Republican Party Michael Fedele, Governor $2,477,728 Defeatedd
Democratic Party Denise Merrill, Secretary of State $1,121,163 Approveda
Democratic Party Kevin Lembo, Comptroller $1,106,205 Approveda
Republican Party Jeff Wright, State Treasurer $749,950 Defeatedd
Democratic Party Denise Nappier, State Treasurer $749,490 Approveda
Republican Party Jerry Farrell, Secretary of State $744,900 Defeatedd
Democratic Party George Jepsen, Attorney General $740,381 Approveda
Democratic Party Gerry Garcia, Secretary of State $374,950 Defeatedd
Democratic Party Michale Jarjura, Comptroller $374,000 Defeatedd



In Florida, only the candidates running for the offices of governor, lieutenant governor, and member of the state cabinet are eligible to apply for public campaign funds. In order to qualify for public funds, candidates for governor or lieutenant governor must first raise $150,000 in private donations, and candidates for state cabinet must raise $100,000 in private donations. Florida exercises a donation matching program. Qualifying donations from private individuals are matched with public funds within certain limitations and spending caps.[11]

The 10 recipients of public campaign funds in 2010 were:[12]

Candidate Amount Result
Republican Party Bill McCollum, Governor $1,802,082 Defeatedd
Republican Party Jeff Atwater, Chief Financial Officer $702,445 Approveda
Republican Party Adam Putnam, Agricultural Commissioner $552,075 Approveda
Democratic Party Dan Gelber, Attorney General $513,568 Defeatedd
Democratic Party Dave Aronberg, Attorney General $426,975 Defeatedd
Democratic Party Lorrane Ausley, Chief Financial Officer $402,556 Defeatedd
Republican Party Pam Bondi, Attorney General $383,169 Approveda
Republican Party Holly Benson, Attorney General $328,172 Defeatedd
Republican Party Jeff Kottkamp, Attorney General $322,495 Defeatedd
Democratic Party Scott Maddox, Agricultural Commissioner $196,262 Defeatedd



Various state candidates may apply for public funds provided they first raise enough individual donations of $100 or less. Gubernatorial candidates must raise $100,000 in qualifying donations. Candidates for lieutenant governor must raise $50,000, those for state senate must raise $2,500, and those for state house must raise $1,500. Those that apply for public funds must agree to the state expenditure limits specific to each office, and may then be granted a percentage of public funds. The governor and lieutenant governor candidates may receive up to 10% of their expenditure limits in public funds, and candidates for state legislature may receive up to 15% of their expenditure limits in public funds.[13]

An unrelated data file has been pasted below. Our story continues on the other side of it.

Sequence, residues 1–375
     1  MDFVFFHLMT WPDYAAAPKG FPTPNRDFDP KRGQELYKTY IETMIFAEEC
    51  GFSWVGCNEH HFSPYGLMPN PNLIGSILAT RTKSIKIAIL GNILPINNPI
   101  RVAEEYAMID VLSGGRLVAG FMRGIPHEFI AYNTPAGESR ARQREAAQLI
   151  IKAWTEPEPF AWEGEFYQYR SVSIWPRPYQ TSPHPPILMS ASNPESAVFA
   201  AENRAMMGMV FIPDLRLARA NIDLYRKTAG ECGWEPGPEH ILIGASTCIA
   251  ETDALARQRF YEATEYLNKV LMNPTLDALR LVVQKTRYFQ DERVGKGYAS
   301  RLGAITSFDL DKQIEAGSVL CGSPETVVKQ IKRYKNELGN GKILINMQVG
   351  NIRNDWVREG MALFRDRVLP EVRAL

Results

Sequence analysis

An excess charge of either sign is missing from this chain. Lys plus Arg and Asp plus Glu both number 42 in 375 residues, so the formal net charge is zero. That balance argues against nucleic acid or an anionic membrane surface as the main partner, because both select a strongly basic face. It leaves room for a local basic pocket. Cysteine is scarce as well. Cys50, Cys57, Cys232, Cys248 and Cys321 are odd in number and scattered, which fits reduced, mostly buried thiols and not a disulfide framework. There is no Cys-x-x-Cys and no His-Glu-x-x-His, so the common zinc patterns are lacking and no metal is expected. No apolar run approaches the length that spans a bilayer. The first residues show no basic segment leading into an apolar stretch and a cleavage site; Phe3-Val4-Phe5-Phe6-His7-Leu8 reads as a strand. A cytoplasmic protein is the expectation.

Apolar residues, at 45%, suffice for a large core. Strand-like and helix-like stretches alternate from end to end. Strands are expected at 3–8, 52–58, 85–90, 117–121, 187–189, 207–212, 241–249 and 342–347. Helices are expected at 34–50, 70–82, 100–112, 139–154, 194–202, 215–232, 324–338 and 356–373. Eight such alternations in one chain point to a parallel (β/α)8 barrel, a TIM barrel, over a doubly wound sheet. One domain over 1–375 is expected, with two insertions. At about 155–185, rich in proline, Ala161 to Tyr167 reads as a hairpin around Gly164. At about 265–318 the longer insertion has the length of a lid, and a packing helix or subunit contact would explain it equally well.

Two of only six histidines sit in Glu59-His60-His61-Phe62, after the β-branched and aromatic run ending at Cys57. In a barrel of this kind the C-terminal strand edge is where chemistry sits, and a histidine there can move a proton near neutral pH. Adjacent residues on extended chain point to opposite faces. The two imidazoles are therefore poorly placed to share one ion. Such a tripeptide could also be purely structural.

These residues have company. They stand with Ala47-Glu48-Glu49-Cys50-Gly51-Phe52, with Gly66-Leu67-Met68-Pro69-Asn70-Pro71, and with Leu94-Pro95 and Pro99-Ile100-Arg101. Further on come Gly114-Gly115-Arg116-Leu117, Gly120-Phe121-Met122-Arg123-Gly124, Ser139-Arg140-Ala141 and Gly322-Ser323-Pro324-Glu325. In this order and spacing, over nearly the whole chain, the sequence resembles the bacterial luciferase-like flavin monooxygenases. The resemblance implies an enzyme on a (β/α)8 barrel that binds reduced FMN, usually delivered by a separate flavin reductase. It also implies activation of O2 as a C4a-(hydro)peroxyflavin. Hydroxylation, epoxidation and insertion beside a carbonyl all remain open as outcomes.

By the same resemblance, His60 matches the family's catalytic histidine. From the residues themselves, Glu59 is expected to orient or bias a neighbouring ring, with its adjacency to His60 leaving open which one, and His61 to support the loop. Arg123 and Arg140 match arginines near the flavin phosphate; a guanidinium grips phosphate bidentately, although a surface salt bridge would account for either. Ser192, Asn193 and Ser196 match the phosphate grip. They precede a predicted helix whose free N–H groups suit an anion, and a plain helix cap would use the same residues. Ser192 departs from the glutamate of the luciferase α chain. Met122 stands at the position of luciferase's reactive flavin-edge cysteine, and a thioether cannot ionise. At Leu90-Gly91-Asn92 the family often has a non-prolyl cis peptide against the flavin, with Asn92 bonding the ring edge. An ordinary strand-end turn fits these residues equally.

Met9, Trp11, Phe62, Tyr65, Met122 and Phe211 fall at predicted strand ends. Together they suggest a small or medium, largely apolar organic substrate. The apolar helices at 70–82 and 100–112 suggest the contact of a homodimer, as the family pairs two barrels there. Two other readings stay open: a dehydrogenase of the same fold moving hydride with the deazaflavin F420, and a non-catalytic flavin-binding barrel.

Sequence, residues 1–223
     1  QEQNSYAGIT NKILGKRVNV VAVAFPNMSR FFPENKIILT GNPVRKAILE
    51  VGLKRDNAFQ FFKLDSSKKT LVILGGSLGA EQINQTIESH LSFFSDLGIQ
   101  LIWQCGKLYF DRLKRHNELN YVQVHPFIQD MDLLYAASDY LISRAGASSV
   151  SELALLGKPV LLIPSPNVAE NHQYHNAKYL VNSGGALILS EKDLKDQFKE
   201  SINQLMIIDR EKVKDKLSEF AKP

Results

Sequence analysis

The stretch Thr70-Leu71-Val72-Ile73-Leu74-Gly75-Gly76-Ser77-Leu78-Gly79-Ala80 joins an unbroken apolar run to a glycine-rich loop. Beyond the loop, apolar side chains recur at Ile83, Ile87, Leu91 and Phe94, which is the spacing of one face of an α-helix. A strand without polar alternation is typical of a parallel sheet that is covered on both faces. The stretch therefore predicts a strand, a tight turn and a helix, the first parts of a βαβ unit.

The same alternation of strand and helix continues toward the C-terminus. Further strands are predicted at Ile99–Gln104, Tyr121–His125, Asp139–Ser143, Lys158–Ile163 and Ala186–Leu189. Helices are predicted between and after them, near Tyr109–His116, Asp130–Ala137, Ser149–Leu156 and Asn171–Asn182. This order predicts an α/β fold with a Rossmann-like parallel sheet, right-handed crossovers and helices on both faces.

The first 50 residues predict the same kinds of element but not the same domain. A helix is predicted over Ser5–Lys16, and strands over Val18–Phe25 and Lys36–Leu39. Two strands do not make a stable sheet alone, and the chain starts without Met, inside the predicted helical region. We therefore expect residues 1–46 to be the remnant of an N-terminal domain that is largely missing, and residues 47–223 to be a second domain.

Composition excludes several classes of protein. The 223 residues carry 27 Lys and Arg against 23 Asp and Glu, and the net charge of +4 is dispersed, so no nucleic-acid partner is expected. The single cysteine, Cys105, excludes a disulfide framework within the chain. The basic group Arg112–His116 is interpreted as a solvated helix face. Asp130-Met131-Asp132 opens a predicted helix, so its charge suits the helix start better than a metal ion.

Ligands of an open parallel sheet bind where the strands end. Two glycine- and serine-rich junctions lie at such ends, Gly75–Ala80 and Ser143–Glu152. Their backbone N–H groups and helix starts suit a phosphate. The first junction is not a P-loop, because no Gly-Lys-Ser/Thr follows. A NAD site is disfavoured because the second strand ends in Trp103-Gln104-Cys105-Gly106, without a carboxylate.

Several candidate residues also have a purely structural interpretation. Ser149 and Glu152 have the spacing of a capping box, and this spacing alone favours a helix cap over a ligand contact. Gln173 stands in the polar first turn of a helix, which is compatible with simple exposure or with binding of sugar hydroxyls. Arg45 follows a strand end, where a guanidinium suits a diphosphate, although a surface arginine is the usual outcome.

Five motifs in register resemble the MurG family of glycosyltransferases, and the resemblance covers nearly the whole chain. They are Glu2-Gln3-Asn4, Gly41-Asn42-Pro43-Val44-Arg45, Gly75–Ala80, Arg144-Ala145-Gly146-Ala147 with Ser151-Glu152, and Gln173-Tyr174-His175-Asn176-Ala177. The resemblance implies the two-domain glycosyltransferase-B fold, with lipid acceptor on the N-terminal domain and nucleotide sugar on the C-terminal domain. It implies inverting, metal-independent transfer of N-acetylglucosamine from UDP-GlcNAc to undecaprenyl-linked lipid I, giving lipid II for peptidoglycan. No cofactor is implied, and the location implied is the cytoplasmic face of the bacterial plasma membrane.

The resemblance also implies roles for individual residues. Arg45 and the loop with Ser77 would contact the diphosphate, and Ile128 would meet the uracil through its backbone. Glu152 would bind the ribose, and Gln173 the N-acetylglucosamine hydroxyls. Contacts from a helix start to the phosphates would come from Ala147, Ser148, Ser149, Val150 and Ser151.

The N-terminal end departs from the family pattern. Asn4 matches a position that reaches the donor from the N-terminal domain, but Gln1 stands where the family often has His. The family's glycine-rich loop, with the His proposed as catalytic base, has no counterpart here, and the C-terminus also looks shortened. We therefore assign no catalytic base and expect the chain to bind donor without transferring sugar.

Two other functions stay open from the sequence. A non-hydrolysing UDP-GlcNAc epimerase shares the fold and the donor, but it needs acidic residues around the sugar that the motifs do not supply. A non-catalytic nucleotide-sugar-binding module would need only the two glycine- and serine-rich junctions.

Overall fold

The 5 recipients of public campaign funds in 2010 were:[14]

Candidate Amount Result
Democratic Party Mike Golojuch, State Senator $5,015 Defeatedd
Democratic Party Clifton Tsuji, State Representative $2,613 Approveda
Democratic Party Fernie Nicolas, State Representative $1,780 Defeatedd
Republican Party Marlene Hapai, State Representative $1,500 Defeatedd
Republican Party John Carrol, Governor $200 Defeatedd



Idaho formerly had a system of providing public funds not to individual candidates but political parties. Individuals could, on their tax returns, choose to designate $1 on their state tax return to state political parties. This additional dollar did not raise an individual's taxes, but rather earmarked one dollar of tax revenue for distribution to the political party of the individual's choice. In the 2010 legislative session, members of the Idaho House of Representatives introduced House Bill 379, which proposed to repeal the "tax check-off" on the grounds that the revenue should go to state programs and that the state has no place supporting specific parties. The bill passed the House and the Idaho State Senate and was signed into law by the Governor of Idaho on February 16, 2010.[15]



Iowa's form of public financing does not direct funds to individual candidates, but rather political parties. On an individual's state tax return, any resident with at least $1.50 in taxes may fill out a "Political Checkoff" whereby they designate $1.50 to go to a political party of his or her choice. Joint tax returns of at least $3.00 may earmark two $1.50 denominations of their taxes to the political party or parties of their choice. [16]



Prior to the U.S. Supreme Court's Ruling on Freedom Enterprise Club v. Bennett, which deemed "grant-matching" or "triggering" forms of public campaign financing unconstitutional, Maine used method to distribute public funds to candidates who applied and qualified for them. Namely, a candidate who applied and qualified to participate in the grant-matching, public fund program received a stipend of funds to use towards their campaign up to the specified spending limit. However, if a non-participating candidate, or one choosing instead to raise private funds, raised more than the spending limit placed on participating candidates, the participating candidates were compensated to keep total funds raised by all equal. This provision of the Maine statutes was formally stricken by District Court Judge George Singal on July 21, 2011.[17]

The top 10 recipients of public campaign funds in 2010 were:[18]

Candidate Amount Result
Democratic Party Elizabeth Mitchell, Governor $1,573,340 Defeatedd
Democratic Party Patrick McGowan, Governor $599,998 Defeatedd
Republican Party Peter Mills, Governor $599,975 Defeatedd
Republican Party Michael L. Estes, State Senator $62,460 Defeatedd
Republican Party Michael Thibodeau, State Senator $59,161 Approveda
Republican Party Gerald Davis, State Senator $59,150 Defeatedd